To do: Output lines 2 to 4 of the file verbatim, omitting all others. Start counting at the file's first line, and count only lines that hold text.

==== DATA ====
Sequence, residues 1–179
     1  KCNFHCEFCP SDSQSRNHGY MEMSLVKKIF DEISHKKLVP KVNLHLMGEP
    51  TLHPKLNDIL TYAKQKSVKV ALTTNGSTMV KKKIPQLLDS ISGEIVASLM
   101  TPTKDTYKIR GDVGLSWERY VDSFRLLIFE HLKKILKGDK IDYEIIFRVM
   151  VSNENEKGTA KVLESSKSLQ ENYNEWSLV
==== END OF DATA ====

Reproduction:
     1  KCNFHCEFCP SDSQSRNHGY MEMSLVKKIF DEISHKKLVP KVNLHLMGEP
    51  TLHPKLNDIL TYAKQKSVKV ALTTNGSTMV KKKIPQLLDS ISGEIVASLM
   101  TPTKDTYKIR GDVGLSWERY VDSFRLLIFE HLKKILKGDK IDYEIIFRVM